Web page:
County Fare: Nurses union honors state Rep. Paul Mark as labor `ally'
The Massachusetts Nurses Association board of directors has honored state Rep. Paul Mark, D-Peru, for being a "staunch ally to labor."
Mark was presented with the group's 2017 Legislative Advocacy Award on March 22.
"Representative Mark has stood with nurses on Beacon Hill and on the picket line," said MNA President Donna Kelly-Williams, RN, in a prepared release. "We are very fortunate to have Representative Mark serving in the House of Representatives and we thank him for his commitment to the MNA, our nurses and our patients."
Mark, who represents the 2nd Berkshire District, chairs the House Committee on Redistricting and is a co-sponsor on several bills related to health care and labor rights for the 2017-18 session.
"Nurses are truly the backbone of our communities, they work tirelessly serving others, and ask for so little in return," he said in the release. "It is an honor and an obligation to use my voice in the legislature to advocate for a group of individuals that consistently stand ready to serve each of us at the times when we are most in need."
Rep. Mark accepted the award accompanied by his aunt, Darlyn Scott, an MNA member and nurse for more than 30 years.
He also met with Barb Connor, a registered nurse active in Berkshire Medical Center's MNA bargaining unit and nurses working in the endoscopy unit. Connor also chairs the MNA Region 1 council.
Mark was a longtime member of the International Brotherhood of Electrical Workers Local 2324, and no stranger to contract negotiations.
This year, he picketed with the Baystate Franklin Medical Center nurses in their contract negotiations to ensure improved staffing, adequate benefits and compensation, and greater security improvements.
He also issued a letter to the Baystate Franklin Medical Center calling them to the bargaining table to produce an equitable settlement regarding staffing and bargaining practices.
BMC nurse honored
On the same day Paul Mark received his award, Mark Brodeur also was honored at the State House last week for his work as a caregiver for a disabled man named Gerry.
Brodeur, a registered nurse at Berkshire Medical Center in Pittsfield, was presented with an award by state Department of Developmental Services Commissioner Elin Howe for his "vision, advocacy and support in promoting social inclusion."
Brodeur met Gerry in 1999 when he was a citizen advocate and Gerry was living in a group home, struggling with medication issues.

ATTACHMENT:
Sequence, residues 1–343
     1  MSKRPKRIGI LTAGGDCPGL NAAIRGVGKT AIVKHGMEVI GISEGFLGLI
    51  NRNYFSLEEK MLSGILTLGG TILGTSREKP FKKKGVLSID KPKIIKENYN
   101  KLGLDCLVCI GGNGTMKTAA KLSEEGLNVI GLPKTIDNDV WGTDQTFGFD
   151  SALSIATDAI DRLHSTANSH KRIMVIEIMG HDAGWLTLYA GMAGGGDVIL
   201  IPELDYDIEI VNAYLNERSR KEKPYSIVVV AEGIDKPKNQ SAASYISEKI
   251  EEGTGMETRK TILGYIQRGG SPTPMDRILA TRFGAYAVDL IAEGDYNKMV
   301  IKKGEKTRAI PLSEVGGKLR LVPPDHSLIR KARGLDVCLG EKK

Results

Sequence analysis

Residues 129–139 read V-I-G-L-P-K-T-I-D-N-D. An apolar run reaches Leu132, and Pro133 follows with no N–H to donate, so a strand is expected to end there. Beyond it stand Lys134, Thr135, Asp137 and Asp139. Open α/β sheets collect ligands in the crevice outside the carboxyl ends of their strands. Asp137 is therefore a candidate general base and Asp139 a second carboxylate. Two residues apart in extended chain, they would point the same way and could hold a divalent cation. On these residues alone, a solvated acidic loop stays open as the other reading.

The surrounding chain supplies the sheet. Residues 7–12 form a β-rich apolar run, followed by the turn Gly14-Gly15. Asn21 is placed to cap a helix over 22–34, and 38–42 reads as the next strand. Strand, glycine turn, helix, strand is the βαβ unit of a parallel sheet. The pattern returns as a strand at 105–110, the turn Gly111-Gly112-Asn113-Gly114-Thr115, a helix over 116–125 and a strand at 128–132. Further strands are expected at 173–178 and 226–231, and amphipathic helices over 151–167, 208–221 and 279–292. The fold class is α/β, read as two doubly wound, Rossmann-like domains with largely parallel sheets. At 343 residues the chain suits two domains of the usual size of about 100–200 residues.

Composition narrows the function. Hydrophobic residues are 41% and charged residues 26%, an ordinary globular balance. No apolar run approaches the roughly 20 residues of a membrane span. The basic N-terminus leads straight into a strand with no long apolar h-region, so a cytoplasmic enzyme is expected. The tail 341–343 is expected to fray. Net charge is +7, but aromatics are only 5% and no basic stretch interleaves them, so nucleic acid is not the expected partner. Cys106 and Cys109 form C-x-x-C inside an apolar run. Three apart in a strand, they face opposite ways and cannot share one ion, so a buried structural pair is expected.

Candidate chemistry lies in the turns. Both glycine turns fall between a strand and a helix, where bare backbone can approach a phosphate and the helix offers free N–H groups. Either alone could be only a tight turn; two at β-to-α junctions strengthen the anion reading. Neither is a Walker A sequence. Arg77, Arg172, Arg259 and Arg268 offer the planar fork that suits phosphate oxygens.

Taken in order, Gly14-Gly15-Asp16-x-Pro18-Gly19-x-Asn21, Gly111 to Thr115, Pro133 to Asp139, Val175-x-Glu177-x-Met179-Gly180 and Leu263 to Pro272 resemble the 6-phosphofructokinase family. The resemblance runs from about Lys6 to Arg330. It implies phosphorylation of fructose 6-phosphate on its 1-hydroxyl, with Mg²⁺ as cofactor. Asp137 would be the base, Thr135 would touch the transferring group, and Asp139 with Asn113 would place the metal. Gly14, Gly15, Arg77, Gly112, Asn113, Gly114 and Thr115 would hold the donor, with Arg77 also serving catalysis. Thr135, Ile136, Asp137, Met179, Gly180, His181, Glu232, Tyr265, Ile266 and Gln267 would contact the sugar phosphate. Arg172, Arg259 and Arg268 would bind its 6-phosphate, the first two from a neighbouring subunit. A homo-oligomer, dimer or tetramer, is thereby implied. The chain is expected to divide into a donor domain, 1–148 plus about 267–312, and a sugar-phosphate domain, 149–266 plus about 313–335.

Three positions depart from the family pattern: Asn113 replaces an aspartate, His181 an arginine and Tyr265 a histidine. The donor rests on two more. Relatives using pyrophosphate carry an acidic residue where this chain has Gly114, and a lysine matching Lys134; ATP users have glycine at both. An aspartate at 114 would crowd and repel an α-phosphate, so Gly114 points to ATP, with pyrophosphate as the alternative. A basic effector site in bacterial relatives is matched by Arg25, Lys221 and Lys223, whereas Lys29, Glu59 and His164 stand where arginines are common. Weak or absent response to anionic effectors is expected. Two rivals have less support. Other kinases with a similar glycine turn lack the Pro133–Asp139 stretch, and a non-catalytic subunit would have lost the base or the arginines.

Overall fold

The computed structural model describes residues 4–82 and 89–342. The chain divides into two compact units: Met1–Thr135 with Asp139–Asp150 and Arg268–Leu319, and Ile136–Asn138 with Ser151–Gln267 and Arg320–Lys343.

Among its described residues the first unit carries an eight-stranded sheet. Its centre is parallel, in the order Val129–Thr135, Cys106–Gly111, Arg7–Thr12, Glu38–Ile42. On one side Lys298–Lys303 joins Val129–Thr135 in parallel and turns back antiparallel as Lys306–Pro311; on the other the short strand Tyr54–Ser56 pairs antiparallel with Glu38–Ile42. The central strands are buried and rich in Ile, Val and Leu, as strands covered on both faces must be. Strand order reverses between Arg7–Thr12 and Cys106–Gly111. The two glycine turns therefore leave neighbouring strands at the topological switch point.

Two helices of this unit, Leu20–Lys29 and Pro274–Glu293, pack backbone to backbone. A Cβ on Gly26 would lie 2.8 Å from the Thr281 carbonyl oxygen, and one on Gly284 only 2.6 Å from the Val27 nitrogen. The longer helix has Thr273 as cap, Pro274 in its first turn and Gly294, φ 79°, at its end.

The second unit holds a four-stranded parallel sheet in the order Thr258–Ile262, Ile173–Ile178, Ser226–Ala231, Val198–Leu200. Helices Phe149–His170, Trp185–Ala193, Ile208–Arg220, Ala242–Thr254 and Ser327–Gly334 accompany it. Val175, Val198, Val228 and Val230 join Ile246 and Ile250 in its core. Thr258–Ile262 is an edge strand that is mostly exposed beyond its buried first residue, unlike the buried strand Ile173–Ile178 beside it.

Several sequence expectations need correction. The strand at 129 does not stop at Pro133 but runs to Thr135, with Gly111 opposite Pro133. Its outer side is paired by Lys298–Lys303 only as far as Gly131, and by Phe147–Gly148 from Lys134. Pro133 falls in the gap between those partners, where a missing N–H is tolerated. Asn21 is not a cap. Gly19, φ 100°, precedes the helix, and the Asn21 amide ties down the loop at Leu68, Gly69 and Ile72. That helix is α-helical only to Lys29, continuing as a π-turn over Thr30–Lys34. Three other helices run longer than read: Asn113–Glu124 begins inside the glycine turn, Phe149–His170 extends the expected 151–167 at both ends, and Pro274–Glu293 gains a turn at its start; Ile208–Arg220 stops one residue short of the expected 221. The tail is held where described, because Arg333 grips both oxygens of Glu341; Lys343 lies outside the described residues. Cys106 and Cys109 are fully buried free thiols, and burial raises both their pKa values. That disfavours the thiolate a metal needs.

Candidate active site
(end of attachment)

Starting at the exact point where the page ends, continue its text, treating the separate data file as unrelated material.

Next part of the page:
"He was so over-medicated, he became medically compromised, couldn't swallow, ended up in the hospital in 2013 and came close to not making it out several times," said Brodeur, who later had Gerry move in with him.
Gerry's health and ability to be involved in the community have improved tremendously since then, according to those who know him.
"My title is care provider, but my role is of family, interpreter and public relations for Gerry so that he can put his best foot forward and have the best chance of making a positive impact on the community," Brodeur said. "Most recently, We have attended The Women's March, the Four Freedoms March and the Pittsfield rally in support of the ACA, Medicare, Medicaid and Social Security [as well as the recent BMC picket]. This would not be something that would be considered an option for him even five years ago."
Support for Down syndrome
Another celebration of inclusion recently took place in the Berkshires. More than 175 moviegoers attended the 10th Berkshire County Sprout Film Festival on March 12 at Berkshire Community College's Robert Boland Theatre in Pittsfield, according to Berkshire County Arc.
The annual event is hosted by the Arc's Down Syndrome Family Group. This year's festival featured 11 films about individuals with various disabilities, their lives and personal achievements. A reception catered by Berkshire Community College followed the screening, during which guests were able to view an exhibit featuring photography from local artists with disabilities.
The Down Syndrome Family Group is comprised of more than 40 families throughout Berkshire County working to advocate for and educate the public about Down syndrome and people with disabilities.
All proceeds from the event, ticketed at $5 per person, will go to support children, adults and families impacted by Down syndrome.
The festival opened with the film "Be My Brother," a story about an aspiring actor who challenges the prejudices of a stranger at a bus stop and his own struggles with acceptance from his brother being embarrassed by him in public.
"Go Jackson Doll" also hit home for attendees, and served as a good segue into April which is Autism Awareness Month. The film features the story of Jackson Doll, a 9-year-old boy with autism who is enrolled in ice skating by his mother. Through acceptance and the safe environment created by the other parents and teachers at the rink, Jackson and his family are able to discover their own successes.
The 90-minute festival ended with a series of four movies about love; solidifying the fact that those with developmental disabilities experience the same feelings, questions and thoughts about love as everyone else.
For information about the Down Syndrome Family Group, visit bcarc.org/dsfg/.
County Fare, a weekly column featuring "tales from throughout the Berkshires," is compiled by Eagle staffers.
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